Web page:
Radio to the rescue in Roseburg, Oregon Blast! 1959



PSR thanks  our friend Feliks Banel for sharing this incredible story…

Crater left by explosion of truck containing 6.5 tons of dynamite, Roseburg, Oregon, August 7, 1959. ba015174; 57 MB; Gray 16 TIFF.
Crater left by explosion of truck containing 6.5 tons of dynamite, Roseburg, Oregon, August 7, 1959. Ground Zero in “The Blast” was this crater, 20 feet deep and roughly 60 feet across, where the truck full of dynamite was parked. [Larger image: 1200px wide] (Photo: Oregon Historical Society)

By Feliks Banel

Thursday January 21st, 2016


If you love radio as much as I do, please listen to the fabulous Bill Brubaker as he shares this incredible story of how he survived the August 7, 1959 accidental dynamite truck explosion in Roseburg, Oregon–and how he then got the only remaining radio station back on the air to help out with the aftermath. This is when radio does its very best! Bill told the story for my students in the UW Communication Leadership MA program this week; the audio was posted by me for The Northwest Hall of Radio History.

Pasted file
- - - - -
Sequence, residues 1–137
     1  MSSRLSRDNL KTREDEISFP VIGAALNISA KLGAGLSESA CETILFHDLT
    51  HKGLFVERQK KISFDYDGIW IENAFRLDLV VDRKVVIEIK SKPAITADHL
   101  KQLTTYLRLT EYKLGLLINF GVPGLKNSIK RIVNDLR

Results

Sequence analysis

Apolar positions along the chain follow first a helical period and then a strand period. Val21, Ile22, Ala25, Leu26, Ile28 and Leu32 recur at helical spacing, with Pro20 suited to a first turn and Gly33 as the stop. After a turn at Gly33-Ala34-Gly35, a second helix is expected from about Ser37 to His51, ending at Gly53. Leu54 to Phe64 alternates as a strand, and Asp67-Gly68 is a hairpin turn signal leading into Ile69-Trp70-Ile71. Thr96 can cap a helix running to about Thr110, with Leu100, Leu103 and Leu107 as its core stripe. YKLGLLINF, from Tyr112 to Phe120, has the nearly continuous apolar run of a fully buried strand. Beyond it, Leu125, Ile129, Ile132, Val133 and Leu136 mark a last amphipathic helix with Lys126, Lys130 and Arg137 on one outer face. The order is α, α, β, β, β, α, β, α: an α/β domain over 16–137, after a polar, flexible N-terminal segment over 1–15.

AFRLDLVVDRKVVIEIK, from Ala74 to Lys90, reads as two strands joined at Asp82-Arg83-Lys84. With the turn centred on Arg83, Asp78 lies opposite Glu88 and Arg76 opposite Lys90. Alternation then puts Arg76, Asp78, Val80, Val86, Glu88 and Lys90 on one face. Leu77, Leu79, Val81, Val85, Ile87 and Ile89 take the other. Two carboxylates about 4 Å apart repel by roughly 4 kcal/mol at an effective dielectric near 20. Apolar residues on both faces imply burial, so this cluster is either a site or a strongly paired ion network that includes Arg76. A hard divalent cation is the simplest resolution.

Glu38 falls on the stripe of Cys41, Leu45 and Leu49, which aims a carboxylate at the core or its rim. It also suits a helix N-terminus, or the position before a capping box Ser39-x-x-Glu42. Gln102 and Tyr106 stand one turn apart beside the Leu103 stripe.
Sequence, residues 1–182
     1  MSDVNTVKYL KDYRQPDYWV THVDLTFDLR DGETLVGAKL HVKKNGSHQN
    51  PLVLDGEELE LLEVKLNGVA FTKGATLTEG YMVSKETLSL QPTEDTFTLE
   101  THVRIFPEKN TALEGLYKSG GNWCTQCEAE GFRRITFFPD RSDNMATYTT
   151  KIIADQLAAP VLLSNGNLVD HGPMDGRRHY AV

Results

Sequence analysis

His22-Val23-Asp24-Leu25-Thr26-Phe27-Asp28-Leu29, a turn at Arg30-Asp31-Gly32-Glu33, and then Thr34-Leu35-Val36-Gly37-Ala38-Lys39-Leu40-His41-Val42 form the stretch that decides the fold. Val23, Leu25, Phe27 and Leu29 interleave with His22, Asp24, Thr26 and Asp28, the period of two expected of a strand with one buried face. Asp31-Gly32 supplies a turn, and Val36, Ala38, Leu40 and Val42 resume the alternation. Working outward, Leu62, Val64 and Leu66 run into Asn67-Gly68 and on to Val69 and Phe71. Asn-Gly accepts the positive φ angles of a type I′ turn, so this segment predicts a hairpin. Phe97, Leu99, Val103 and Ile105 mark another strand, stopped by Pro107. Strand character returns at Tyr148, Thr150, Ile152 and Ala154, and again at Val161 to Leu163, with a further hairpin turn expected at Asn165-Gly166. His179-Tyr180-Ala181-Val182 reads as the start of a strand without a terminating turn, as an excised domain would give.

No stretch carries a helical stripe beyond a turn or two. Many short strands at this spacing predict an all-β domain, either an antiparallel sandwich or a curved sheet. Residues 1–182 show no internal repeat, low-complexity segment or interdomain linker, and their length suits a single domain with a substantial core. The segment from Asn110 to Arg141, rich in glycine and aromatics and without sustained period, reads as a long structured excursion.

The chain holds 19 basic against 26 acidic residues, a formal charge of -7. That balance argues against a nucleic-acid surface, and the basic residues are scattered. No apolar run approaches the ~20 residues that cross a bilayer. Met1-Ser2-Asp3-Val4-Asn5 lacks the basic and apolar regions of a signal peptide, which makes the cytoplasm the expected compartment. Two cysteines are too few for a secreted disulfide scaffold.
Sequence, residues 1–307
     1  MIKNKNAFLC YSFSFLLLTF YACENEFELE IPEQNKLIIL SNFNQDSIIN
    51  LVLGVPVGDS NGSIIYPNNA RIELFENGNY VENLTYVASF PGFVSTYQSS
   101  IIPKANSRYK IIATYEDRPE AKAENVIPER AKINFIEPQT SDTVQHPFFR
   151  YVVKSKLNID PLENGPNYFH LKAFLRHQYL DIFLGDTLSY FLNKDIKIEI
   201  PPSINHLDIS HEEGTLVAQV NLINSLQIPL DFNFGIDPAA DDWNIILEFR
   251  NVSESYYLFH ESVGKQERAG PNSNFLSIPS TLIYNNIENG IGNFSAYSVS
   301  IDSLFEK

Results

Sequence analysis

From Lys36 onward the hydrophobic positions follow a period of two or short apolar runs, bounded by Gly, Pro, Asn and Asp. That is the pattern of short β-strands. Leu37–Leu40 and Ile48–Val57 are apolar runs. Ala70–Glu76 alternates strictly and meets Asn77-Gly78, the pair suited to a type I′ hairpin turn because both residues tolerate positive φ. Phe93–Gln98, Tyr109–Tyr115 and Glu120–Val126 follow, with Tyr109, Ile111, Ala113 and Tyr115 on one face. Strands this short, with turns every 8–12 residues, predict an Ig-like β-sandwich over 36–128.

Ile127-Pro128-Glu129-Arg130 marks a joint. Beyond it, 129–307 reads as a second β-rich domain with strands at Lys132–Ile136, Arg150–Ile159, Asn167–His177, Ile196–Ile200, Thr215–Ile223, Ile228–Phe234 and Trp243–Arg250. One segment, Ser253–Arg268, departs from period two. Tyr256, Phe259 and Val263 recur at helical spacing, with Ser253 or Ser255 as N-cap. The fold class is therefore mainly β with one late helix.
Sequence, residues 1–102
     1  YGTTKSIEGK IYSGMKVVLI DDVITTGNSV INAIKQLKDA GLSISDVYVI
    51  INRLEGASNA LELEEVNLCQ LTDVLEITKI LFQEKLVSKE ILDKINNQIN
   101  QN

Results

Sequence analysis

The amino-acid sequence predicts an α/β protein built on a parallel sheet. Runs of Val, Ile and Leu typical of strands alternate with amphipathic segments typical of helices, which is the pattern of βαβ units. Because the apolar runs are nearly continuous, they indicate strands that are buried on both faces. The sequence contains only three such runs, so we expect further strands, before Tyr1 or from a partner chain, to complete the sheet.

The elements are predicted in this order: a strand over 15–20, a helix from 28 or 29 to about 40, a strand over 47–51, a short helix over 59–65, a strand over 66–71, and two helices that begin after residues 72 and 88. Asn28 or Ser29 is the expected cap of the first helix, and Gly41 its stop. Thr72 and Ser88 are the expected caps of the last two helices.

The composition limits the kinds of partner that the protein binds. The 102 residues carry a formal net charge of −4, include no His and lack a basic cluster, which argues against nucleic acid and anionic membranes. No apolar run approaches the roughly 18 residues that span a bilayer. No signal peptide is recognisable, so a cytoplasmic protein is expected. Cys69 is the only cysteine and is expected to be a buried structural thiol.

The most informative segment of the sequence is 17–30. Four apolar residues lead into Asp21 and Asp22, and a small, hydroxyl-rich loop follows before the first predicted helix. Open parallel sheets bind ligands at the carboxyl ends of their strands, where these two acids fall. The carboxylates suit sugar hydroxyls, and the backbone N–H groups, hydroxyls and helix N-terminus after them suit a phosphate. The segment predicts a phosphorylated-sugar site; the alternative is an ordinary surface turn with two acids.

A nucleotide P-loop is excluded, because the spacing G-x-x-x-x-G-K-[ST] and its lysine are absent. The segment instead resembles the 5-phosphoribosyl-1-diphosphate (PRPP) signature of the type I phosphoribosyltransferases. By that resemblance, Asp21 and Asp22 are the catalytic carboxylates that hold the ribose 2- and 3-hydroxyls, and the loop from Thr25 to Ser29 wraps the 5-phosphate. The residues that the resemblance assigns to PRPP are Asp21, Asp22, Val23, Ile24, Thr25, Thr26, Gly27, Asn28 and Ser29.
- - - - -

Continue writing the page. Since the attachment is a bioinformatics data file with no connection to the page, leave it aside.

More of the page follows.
Bill Brubaker

In the latest episode of “Northwest Radio Voices,” Project Ambassador Bill Brubaker describes how he and two Washington State classmates happened to be running a radio station in Roseburg, OR during the summer of 1959. Early on the morning of August 7, 1959, Brubaker and his friends survived a huge accidental dynamite blast that levelled much of downtown Roseburg. Then, the trio acted quickly to get their radio station on the air in support of the town, the population, and the rescue and recovery efforts. It’s an incredible tale, and a priceless example of how radio can unite a community in its darkest hour.



Feliks Banel is a Lecturer at UW Communication Leadership,Historian, Producer and Host at KIRO Radio 97.3 FM and Curator and Creative Director at Northwest Hall of Radio History


Read More about this story HERE


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